Federal Transit Administration Acts Quickly on NTSB Plea
A "Dear Colleague" letter from Administrator Peter Rogoff asks all transit rail operators to add redundancy if their train control systems are susceptible to a single-point failure.
The Federal Transit Administration has moved quickly in response to a National Transportation Safety Board recommendation by sending a "Dear Colleague" letter in which FTA Administrator Peter Rogoff asks all transit rail operators to add redundancy if their train control systems are susceptible to a single-point failure. The urgent recommendation was made as NTSB investigates the June 22 collision of two Washington Metropolitan Area Transit Authority trains, an accident that killed nine people and injured 70 others.
NTSB Member Debbie Hersman discussed the safety redundancy of WMATA's automatic train control system in testimony Tuesday before the U.S. House Committee on Oversight and Government Reform's Subcommittee on Federal Workforce, Postal Service and the District of Columbia. The collision demonstrated WMATA's system is susceptible to a single-point failure because it did not stop a train when detection of a preceding train was lost, she said. "Automatic train control systems are supposed to detect the presence of all trains at all times," Hersman said, "but in the unfortunate event that the system fails, there should be a built-in safety redundancy, like a real-time alert, to prevent trains from hitting one another."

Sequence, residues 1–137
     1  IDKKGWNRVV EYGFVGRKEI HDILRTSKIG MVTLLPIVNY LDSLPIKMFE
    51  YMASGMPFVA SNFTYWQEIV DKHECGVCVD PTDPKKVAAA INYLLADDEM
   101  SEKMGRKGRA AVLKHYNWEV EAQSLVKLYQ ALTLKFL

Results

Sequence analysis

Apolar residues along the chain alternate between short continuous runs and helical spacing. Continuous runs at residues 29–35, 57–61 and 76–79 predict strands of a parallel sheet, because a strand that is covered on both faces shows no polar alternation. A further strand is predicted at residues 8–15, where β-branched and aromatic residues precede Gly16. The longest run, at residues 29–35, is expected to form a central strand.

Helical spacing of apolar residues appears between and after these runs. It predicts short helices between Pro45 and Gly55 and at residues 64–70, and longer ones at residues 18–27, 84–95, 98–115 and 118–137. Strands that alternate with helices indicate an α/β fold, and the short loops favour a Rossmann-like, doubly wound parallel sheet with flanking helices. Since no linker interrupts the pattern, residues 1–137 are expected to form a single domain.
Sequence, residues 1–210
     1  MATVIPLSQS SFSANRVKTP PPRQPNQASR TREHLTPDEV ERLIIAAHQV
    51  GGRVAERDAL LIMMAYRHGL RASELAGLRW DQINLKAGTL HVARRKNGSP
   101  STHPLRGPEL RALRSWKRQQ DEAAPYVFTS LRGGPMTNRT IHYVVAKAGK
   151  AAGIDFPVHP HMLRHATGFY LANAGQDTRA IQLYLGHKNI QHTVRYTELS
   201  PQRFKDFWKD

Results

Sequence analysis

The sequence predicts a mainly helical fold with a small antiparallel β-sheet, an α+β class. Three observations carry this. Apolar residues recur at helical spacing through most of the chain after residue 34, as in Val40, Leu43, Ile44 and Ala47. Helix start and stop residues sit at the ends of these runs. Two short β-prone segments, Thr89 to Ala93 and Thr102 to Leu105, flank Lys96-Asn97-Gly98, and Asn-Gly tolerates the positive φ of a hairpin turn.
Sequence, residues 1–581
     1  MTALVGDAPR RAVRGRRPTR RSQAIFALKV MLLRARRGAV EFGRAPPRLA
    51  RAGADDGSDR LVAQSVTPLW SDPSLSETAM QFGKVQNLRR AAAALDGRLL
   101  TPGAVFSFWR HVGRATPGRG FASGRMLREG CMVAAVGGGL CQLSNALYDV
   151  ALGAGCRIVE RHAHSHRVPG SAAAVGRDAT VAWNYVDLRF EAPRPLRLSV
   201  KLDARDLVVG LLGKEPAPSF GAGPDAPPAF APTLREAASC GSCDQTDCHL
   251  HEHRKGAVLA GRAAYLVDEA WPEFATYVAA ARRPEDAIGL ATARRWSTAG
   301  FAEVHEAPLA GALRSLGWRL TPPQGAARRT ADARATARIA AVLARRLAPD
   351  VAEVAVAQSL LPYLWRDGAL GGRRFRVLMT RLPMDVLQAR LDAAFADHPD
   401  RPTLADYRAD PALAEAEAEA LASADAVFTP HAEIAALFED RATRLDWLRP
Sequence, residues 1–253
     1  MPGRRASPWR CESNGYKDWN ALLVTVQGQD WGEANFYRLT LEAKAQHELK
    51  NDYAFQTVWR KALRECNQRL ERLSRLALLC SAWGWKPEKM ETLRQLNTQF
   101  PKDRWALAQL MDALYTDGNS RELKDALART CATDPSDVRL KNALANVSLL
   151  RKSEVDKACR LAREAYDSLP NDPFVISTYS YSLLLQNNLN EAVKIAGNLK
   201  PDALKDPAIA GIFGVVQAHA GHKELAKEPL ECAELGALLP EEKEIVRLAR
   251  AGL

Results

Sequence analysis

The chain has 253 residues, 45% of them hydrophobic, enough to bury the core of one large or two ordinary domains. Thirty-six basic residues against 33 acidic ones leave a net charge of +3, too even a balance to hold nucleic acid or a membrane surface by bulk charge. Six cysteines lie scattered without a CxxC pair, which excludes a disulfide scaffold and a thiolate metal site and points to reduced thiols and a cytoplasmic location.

Rogoff was confirmed as FTA administrator on May 21. "Specifically, we are asking that all train operators that have train control systems capable of monitoring train movements determine whether their systems have adequate safety redundancy if losses in train detection occur," his letter states. "If a system is susceptible to single point failure, we urge you take corrective action immediately to add redundancy by evaluating track occupancy data on a real-time basis to automatically generate alerts and speed restrictions to prevent train collisions. . . . I request that you focus immediate attention on this important safety concern. For the purposes of verification, we will be following-up shortly with requests for information on specific train control systems and what compensating systems you have been able to develop if you have determined that a single point failure could occur. We also expect to serve as a clearinghouse to share information regarding industry best practices in addressing this issue."